When Natascha McElhone got her big break as an actor, she very nearly blew it. She was fresh out of drama school and appearing in Richard III at the Open Air Theatre in London’s Regent’s Park. It was pouring with rain one evening and, though McElhone didn’t know it, the writer and director James Ivory, of Merchant Ivory fame, had come to watch the show. She had briefly met him a few weeks earlier while reading for a part in his 1996 film Surviving Picasso, a biopic of the artist told from the perspective of the painter Françoise Gilot, who was his lover for a decade. “I had gone in, read a page of the script and was immediately ushered out, so I didn’t think anything of it,” she recalls.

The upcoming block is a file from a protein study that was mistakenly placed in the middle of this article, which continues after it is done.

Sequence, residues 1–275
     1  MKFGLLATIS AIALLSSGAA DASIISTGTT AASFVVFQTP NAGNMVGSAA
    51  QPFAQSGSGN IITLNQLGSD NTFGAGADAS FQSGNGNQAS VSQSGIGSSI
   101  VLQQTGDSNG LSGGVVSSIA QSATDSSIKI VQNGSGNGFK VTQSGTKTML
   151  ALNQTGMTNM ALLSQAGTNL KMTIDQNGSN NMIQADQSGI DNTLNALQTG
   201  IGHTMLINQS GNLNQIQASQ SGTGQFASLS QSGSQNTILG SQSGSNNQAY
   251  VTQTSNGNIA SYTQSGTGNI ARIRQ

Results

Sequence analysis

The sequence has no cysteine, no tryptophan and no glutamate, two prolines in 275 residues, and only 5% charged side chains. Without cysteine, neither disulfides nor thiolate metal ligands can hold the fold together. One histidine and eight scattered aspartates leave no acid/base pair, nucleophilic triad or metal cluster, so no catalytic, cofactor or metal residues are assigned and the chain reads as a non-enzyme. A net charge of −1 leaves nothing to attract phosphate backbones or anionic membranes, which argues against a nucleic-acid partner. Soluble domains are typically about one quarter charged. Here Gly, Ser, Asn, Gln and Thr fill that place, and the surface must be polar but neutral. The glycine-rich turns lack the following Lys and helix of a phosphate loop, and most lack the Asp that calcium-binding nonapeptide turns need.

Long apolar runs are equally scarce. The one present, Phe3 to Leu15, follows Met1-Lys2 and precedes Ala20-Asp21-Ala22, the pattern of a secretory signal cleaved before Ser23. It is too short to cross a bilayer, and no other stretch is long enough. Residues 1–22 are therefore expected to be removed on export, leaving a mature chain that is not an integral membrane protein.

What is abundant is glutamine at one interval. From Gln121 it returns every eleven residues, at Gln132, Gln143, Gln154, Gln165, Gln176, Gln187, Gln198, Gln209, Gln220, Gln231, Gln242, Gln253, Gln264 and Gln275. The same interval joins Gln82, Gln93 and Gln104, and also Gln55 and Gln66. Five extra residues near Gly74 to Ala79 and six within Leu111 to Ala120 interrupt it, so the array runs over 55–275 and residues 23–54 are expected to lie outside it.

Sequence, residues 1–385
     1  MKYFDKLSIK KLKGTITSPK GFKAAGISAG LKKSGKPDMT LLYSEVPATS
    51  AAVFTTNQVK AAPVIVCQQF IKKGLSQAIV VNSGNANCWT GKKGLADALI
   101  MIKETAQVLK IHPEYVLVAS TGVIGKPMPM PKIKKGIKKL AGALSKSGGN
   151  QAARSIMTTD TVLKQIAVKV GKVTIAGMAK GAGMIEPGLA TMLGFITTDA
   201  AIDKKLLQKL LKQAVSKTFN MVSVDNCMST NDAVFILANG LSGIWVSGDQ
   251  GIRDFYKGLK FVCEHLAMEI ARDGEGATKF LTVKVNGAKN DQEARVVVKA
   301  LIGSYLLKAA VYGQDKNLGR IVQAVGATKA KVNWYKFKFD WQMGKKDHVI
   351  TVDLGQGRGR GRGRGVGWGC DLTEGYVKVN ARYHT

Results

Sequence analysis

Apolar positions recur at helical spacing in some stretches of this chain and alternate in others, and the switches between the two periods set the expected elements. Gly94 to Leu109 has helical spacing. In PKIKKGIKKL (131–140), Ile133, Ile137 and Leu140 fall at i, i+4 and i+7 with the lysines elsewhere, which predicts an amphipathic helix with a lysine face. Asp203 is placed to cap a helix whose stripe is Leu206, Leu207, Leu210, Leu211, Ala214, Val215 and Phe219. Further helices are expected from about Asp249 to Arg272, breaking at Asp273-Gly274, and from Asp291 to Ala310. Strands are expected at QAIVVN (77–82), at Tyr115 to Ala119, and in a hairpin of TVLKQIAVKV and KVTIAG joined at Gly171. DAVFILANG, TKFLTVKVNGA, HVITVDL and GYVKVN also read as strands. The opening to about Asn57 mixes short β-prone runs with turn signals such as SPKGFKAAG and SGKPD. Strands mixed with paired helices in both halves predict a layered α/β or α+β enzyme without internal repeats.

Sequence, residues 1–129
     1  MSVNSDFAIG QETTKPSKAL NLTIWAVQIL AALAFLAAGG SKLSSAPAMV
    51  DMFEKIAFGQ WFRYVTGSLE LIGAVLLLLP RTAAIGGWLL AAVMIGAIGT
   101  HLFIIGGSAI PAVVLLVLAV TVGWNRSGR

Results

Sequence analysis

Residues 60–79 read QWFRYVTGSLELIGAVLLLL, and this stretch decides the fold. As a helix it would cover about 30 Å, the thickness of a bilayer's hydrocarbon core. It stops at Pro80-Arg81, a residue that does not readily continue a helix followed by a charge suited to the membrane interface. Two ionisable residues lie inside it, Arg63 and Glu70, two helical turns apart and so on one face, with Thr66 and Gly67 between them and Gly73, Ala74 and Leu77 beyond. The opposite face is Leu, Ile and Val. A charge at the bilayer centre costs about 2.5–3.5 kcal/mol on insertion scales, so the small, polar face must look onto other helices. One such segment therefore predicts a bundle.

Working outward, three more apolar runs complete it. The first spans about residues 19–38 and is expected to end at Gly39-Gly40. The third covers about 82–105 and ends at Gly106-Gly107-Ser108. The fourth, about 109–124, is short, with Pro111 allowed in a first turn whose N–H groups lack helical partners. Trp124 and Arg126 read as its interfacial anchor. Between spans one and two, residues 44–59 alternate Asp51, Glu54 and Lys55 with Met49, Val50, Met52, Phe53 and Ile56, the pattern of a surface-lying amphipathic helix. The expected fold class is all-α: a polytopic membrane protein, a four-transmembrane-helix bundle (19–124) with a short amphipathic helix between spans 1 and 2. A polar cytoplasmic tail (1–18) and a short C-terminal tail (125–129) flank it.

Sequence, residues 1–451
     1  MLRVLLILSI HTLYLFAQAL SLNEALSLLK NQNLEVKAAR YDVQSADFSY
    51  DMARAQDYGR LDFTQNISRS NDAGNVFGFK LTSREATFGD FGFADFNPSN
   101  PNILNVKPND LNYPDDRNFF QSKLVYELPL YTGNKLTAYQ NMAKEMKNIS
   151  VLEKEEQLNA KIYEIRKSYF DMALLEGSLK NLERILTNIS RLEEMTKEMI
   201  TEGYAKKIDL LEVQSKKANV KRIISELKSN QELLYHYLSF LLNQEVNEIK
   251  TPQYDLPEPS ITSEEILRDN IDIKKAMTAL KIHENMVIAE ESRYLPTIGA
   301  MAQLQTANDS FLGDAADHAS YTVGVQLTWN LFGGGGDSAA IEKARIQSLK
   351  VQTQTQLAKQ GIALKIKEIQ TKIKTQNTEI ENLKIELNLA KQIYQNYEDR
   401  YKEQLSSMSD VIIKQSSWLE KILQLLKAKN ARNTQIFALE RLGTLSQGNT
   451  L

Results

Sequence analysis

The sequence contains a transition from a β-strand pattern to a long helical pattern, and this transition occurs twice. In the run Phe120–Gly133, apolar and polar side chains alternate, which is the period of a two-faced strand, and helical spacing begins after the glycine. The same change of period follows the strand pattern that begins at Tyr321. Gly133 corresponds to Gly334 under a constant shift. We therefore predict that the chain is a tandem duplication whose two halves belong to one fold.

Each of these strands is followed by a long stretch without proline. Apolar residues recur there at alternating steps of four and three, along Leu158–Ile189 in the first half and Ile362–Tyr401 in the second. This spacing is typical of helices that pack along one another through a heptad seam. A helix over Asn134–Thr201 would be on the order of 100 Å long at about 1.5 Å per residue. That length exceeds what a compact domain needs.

And so, on this rainy night, McElhone was having a post-show drink at the bar when “this older man with a debonair American accent came up and said hi. I knew one of the cast’s dads was coming in, so I rather bossily told him to go sit at the table with everyone else while I got us some mulled wine. He looked surprised and said, ‘Oh, well OK’. I eventually sat down and James, who is very shy, said, ‘You don’t remember me, do you?’” McElhone pauses and clutches her face in horror. “It all suddenly came back to me, I was mortified. But he was so sweet about it. He said, ‘Look, I want you to [play Françoise]’.”